The day begins with the students, about half a dozen of them, two of whom speak pretty good English. Félix conspires with me to interview them before they interview us, and they are not put out by my little video camera (after all they have a camera of their own ready to film us with). They seem to have inherited their politics from their parents, and tell us of members of their families who being communists, were imprisoned or worse, either under the Shah or after the Ayatollahs seized power. Their Marxism seemed a little anachronistic – not because Marxism per se is anachronistic, which I don’t believe, but because they spoke the language of a kind of communism which came to an end almost everywhere except Cuba in 1991. They explain that within the university they are free to publish their magazine – as long as it isn’t too explicit and doesn’t directly attack the religious state – but not outside. They explain that the regime allows them this little space because they are seen as a foil to the liberals, who are regarded as much more dangerous to Islamic principles. As for cinema, the students dismiss the films of directors like Kiarostami as imitative of Western filmmakers like Godard and not a cinema of the people, who, by the way, they say are not at all religious.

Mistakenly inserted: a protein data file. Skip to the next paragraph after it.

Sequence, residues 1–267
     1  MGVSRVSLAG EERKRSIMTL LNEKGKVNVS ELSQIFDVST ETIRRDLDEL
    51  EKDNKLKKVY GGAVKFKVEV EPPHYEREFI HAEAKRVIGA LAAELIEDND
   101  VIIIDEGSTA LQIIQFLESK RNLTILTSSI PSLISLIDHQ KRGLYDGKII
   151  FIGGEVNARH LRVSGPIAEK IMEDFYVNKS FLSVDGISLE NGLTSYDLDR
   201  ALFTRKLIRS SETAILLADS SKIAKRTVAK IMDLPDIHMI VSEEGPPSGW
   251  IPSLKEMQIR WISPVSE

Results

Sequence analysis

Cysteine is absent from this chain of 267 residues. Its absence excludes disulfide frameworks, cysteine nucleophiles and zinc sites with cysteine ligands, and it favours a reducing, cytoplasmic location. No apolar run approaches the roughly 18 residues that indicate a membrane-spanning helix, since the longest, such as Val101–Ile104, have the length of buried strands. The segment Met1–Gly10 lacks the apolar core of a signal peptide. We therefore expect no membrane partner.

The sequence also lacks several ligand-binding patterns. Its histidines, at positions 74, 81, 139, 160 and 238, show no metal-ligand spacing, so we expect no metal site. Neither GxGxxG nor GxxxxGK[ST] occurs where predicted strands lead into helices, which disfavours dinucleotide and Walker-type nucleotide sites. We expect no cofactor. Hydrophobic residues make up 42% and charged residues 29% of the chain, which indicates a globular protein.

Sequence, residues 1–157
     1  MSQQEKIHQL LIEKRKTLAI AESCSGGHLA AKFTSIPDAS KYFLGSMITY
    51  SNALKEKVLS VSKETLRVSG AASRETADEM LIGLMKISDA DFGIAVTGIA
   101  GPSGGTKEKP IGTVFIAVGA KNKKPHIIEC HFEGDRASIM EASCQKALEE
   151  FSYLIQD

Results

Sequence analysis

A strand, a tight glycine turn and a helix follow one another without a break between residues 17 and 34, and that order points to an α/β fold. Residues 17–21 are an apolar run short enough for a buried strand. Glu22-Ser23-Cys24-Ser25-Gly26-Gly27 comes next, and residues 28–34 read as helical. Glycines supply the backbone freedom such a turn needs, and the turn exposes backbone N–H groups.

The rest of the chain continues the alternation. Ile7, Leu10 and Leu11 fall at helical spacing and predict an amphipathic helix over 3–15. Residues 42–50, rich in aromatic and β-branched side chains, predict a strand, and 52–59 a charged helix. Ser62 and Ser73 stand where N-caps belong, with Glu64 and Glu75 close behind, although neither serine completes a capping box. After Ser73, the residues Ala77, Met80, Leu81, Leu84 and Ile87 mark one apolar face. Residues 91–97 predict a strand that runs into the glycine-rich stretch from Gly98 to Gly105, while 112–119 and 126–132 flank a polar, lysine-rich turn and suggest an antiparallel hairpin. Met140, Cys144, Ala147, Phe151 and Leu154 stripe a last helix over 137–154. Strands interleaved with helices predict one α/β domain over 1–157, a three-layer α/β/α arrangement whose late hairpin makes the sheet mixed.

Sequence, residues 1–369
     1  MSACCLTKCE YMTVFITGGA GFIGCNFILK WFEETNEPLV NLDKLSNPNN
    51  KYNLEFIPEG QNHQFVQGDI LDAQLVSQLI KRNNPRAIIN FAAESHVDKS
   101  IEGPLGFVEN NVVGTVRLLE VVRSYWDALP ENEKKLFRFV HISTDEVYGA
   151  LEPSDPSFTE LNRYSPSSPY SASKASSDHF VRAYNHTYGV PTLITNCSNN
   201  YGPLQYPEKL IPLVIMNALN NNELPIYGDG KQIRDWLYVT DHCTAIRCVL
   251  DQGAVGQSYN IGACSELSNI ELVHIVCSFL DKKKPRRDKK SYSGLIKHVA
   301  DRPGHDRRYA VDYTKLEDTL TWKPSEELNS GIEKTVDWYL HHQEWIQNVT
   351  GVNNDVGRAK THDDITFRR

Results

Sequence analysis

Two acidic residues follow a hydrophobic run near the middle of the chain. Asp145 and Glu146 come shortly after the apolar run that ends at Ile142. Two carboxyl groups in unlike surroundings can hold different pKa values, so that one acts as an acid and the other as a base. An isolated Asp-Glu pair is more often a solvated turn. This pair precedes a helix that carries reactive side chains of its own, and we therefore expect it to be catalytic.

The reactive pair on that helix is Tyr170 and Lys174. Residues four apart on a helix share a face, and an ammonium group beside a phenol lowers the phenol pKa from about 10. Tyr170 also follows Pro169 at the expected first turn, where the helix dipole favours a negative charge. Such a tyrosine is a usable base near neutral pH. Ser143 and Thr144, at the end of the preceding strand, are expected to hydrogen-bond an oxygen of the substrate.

The only thing I find disturbing in this encounter is their response to our question about their attitude to Ahmadinejad’s Holocaust pronouncements. Unsure of themselves, they hesitate and then say that maybe there weren’t so many victims. I do not intervene, as I do with my peers, to tell them of the suffering of my own family at the hands of the Nazis, but they sense that neither I nor Félix are happy with this response. They discuss the question further among themselves and change tack. Look, they say, we are very sorry about what happened to the Jews, but we are also very sorry about what is happening to the Palestinians. I am left with the impression that while on questions of internal politics they are instinctively highly sceptical and critical of government claims and policies, the Holocaust and Israel is an area where they are still caught in an ideological bind, and they cannot separate the historical Holocaust from the way the Zionists use it to block any criticism of Israel. The problem, of course, is that the emotional blackmail of Zionism is so strong that too many other people in other places cannot escape this conflation either.

After the students it’s time for more tourism, this time to the Shah's palace. This takes longer than anticipated, so we then rush back across town just in time to see Solanas's film about the Argentine crisis, which Félix hasn't seen either. One of the young intellectuals from yesterday comes up and gives me a copy of an Iranian edition of my Chilean Cinema, published there back in 1980.

All these encounters bring their own perceptions and nuances, raising questions about the political sub-currents lying below the surface. What is common is the feeling of a very warm and generous culture, albeit full of paradox.